Manages Parisian Family Office. Began Wall Street, 82. Founded investment firm, Native American Advisors. Member, White Earth Chippewa Tribe. Was NYSE/FINRA arb. Conservative. Raised on Native reservations. Pureblood, clot-shot free. In a world elevated on a tech-driven dopamine binge, he trades from Ghost Ranch on the Yellowstone River in MT, his TN farm, Pamelot or CASA TULE', his winter camp in Los Cabos, Mexico. Always been, and will always be, an optimist.

Thursday, August 12, 2010

Another beauty from

For anyone remotely connected with the financial services business in America the number one place to be, bar none, is at the trough of truth and honesty.

These guys and gals have done more to expose the crap and greed and corruption of our politicians and regulators than any rag in existence. Here's another beauty.


In Letter To Schapiro, Schumer Urges Update To ‘Market Maker’ Definition To Ensure High-Frequency Traders Acting Like Market Makers In 25 or More Stocks are Subject to Affirmative Obligations

Enhanced Obligations Would Prevent High Frequency Traders From Withdrawing From Markets En Masse—Sudden Loss of Liquidity Contributed to Market Meltdown on May 6

With SEC Mulling Reforms To Prevent Another Market Crisis, Schumer Says Proposals Could Represent ‘Consensus’

WASHINGTON, DC—U.S. Senators Charles E. Schumer (D-NY) today urged the Securities and Exchange Commission (SEC) to place certain high-frequency trading firms under a uniform set of rules to prevent them from pulling out of markets en masse as they did during last May’s flash crash that sent stock prices tumbling. Schumer said updating the agency’s 17-year-old “market maker” definition so that more of these traders had affirmative obligations when it comes to providing liquidity could go a long way towards preventing future volatility in stock prices.

“The Commission should require any market participant effectively making markets in 25 or more symbols to be subject to market maker obligations. Requiring more high frequency traders to be legally obligated to step in and provide liquidity would go a long way in helping to avoid sudden, rapid price plunges like the May 6 Flash Crash,” Schumer said in a letter to SEC Chairman Mary Schapiro.

Schumer proposed a number of new obligations that would be imposed on all traders who are dealing in 25 or more stocks. These include a best price obligation that would require market makers to quote between the highest bid and lowest offer price for a minimum amount of time during each trading day, and require that market makers quotes be reasonably related to the market price, which would effectively ban so-called “stub quotes”, which are widely believed to have contributed to market volatility on May 6. Many of these obligations are currently imposed on designated market makers by the New York Stock Exchange, but not all trading venues have designated market makers or impose affirmative market-making obligations on market participants. Schumer also said the proposed obligations should apply uniformly across all trading platforms to ensure a level playing field and avoid the kind of disorderly markets experienced on May 6.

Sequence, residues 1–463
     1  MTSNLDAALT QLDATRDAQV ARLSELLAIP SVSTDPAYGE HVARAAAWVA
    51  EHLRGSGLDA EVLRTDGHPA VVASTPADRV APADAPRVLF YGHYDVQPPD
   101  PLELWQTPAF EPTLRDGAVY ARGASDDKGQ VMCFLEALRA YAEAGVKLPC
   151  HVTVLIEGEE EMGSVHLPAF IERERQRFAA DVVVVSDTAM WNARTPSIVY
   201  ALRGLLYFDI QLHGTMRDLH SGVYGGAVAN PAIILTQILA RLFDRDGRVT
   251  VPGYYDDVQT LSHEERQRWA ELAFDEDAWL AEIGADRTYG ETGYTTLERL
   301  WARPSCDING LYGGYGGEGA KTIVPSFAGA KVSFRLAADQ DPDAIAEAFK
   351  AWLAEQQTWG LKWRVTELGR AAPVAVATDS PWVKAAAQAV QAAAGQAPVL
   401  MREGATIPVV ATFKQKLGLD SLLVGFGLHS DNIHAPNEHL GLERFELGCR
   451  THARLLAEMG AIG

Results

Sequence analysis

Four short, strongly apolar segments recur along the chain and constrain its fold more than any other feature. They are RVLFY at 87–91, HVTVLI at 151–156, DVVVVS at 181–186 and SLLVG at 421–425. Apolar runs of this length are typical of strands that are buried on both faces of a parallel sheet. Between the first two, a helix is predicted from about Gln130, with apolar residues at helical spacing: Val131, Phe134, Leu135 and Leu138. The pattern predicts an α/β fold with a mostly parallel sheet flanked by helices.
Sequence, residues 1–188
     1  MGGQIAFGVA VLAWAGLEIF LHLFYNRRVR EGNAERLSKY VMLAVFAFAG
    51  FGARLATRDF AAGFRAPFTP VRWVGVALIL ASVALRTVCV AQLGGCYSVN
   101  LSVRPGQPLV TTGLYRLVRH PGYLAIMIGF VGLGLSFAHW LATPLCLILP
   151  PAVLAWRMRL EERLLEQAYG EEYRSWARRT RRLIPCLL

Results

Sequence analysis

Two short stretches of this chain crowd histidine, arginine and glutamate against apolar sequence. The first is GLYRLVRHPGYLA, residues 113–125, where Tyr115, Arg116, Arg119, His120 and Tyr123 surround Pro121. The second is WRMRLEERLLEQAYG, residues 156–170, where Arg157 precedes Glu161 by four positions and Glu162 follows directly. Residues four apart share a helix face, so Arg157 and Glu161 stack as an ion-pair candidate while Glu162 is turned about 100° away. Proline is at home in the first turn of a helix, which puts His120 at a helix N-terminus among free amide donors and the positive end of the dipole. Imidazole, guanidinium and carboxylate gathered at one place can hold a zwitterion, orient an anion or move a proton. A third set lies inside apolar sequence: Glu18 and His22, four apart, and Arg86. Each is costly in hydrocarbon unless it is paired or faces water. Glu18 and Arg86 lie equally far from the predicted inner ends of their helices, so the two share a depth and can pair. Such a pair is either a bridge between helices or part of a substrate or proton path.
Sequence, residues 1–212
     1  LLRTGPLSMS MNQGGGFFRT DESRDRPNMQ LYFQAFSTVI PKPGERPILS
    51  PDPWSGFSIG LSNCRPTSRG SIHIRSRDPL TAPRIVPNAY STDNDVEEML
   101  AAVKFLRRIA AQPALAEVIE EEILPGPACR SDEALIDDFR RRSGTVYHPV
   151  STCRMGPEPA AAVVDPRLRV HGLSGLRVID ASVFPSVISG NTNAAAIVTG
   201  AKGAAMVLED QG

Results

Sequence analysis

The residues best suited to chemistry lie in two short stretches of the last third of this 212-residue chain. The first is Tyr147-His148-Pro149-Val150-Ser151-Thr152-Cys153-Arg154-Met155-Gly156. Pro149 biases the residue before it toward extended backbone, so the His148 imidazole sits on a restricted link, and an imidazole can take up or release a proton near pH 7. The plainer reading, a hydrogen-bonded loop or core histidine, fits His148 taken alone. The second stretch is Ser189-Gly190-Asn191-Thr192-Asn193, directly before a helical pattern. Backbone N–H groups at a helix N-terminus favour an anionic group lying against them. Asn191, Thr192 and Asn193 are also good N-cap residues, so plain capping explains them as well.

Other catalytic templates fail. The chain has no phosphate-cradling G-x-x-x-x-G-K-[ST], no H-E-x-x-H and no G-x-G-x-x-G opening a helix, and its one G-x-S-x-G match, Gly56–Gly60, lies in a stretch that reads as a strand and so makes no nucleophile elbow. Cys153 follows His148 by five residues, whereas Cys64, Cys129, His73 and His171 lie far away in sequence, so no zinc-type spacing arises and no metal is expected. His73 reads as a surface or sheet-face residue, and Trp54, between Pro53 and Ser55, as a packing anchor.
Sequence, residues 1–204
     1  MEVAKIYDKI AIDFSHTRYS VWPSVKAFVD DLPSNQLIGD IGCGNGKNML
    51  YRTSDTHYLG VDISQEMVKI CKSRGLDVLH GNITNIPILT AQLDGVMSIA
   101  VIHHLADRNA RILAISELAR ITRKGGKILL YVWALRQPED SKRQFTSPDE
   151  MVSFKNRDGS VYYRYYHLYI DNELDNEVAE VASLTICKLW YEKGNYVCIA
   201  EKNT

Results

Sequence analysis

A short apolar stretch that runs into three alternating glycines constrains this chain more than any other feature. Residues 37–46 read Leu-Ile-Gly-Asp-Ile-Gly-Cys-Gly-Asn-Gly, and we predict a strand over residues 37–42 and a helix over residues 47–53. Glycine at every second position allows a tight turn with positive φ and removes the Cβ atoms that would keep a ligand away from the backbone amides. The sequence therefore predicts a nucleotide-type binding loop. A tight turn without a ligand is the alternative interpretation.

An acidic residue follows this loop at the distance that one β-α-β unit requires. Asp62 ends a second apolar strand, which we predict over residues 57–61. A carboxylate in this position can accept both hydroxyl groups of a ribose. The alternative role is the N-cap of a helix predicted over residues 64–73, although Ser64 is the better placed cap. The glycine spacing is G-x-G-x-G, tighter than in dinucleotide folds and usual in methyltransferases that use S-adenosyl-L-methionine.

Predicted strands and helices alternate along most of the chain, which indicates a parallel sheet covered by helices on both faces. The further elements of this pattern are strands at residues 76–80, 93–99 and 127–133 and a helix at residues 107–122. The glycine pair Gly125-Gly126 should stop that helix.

Since many of these proposed requirements enjoy preliminary support from leading market makers and market participants, Schumer suggested a “consensus” was already emerging around these ideas.

A copy of Schumer’s letter to Schapiro appears below.

August 11, 2010

Mary Schapiro, Chairman
Securities and Exchange Commission
100 F Street NE
Washington, DC 20549

Dear Chairman Schapiro,

The causes of the May 6 Flash Crash are still under investigation, but we have learned a number of important lessons about our markets and how they have dramatically changed in the past few years, presenting new risks. I am writing to express my concern about certain of those developments and to respectfully suggest that the Commission consider steps to address the risks they pose to investors and to the integrity of our markets.